Airplane Germs. Contrary to popular belief, while flying on an airplane you are unlikely to get sick from the so called ‘recirculated’ air from other passengers, but instead you are more likely to catch something (a cold, flu, virus, infection, ebola?) from the following:
First, to dispel the myth that all air on an airplane is recirculated (and that you’re breathing everyone else’s air), today’s aircraft are always bringing in outside air and expelling ‘old’ air.
Briefly, this is how it works:
Fresh air from outside the plane is bled from the engine’s compressors then HEPA filtered, heated, and processed in an air conditioning pack, and pumped into the cabin. Cabin pressure is controlled to approximately 8,000 feet altitude by outflow valves.
Also, in most airplanes the filtered-renewed air does not flow from front to back, but from the ceiling to the floor. This also greatly minimizes cross-contamination of breathing someone else’s air – except from those immediately next to you.
Having said that, here’s where you should be concerned – inanimate objects or materials that are liable to carry and transmit infection.
The most likely place on an airplane to ‘catch something’ is probably where you’re sitting.
Airplane Aisle Seats Are The Worst For Germs
The worst seats (most likely to contain germs, bugs, infections, virus) are aisle seats.
People will often use the aisle seats to stabilize themselves as they walk in the cabin aisle. Infections will likely pass along from contact made with surfaces touched by the plane’s sick passengers. More people sit in the aisle seats.
Airplane Restroom Germs
The typical airplane flight will have only one toilet per fifty passengers; and on some flights that number is closer to 75.
These airplanes typically see many-many hundreds of passengers a day, and when you combine that many people with a 50-to-1 restroom ratio, you start seeing much higher rates of bacteria and viruses. Duh…
Not only the toilet, but the area around the little teenie-weenie sinks are notoriously laden with germs.
Tray Tables, Arm Rests, Seat Pockets
Your seat’s tray table, your recycled complimentary pillow, the arm rests, your seat back pocket, the contents of your seat back pocket — these are all likely carriers of germs and ‘bugs’. Just think of all the hundreds of people who’ve sat there before you. How many of them were perhaps ill or deposited their invisible germs?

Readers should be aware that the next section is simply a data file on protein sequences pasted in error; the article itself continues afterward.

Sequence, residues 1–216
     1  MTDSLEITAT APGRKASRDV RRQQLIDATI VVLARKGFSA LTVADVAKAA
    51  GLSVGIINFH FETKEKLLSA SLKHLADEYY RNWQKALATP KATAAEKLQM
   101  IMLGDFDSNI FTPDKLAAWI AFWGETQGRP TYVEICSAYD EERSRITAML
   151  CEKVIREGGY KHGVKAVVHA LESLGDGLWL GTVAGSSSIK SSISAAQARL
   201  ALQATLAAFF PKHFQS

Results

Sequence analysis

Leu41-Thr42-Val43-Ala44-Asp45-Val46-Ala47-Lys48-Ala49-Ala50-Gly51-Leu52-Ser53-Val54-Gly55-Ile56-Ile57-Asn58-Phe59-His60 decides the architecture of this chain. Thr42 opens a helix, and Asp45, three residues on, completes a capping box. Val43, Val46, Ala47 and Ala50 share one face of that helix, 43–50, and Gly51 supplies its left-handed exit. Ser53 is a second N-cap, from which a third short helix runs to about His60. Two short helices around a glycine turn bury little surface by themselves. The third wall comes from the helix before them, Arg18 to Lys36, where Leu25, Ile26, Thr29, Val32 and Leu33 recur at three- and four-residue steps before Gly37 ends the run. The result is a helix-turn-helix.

How To Minimize Your Contamination Risk On An Airplane
Bring aboard antibacterial sanitary hand wipes.
Study after study has shown that none of these is as effective against the spread of Norovirus as washing your hands with soap and water.
Alcohol-based gels or wipes do not kill Norovirus. Anything marked “antibacterial” but not “antiviral” may not necessarily kill viruses of any kind.
Check the ingredients.
Benzalkonium chloride and Benzethonium chloride ARE effective against Norovirus in concentrations of at least .013%.
Other than washing your hands with soap and water (recommended), you obviously cannot wash other surfaces in an airplane – which is why it’s recommended to carry sanitary wipes with you.
These Antibacterial Sanitary Hand Wipes ARE effective with 0.3% Benzethonium Chloride.
Make sure if you have any open wounds that you have them covered up (band-aid, etc.).
With a sanitary wipe, clean your tray table (only if you’re going to touch it and use it).
Similarly, Wipe your arm rests and head rest.
Do not use the seat back pockets if at all possible.
Make sure you wash your hands before you eat.
Wash your hands (20 seconds) before leaving the restroom.
Avoid aisle seats.
Avoid touching surfaces that you don’t need to touch.
If someone coughs or sneezes next to you, hold your breath for (at least) several seconds.
Similarly, look away from the cough (particles can infect via the eyes too).
Don’t rub your eyes.
Don’t touch your nose or mouth.
Here’s one: Avoid flying altogether 😉
What are some of your ideas regarding airline travel while avoiding getting sick?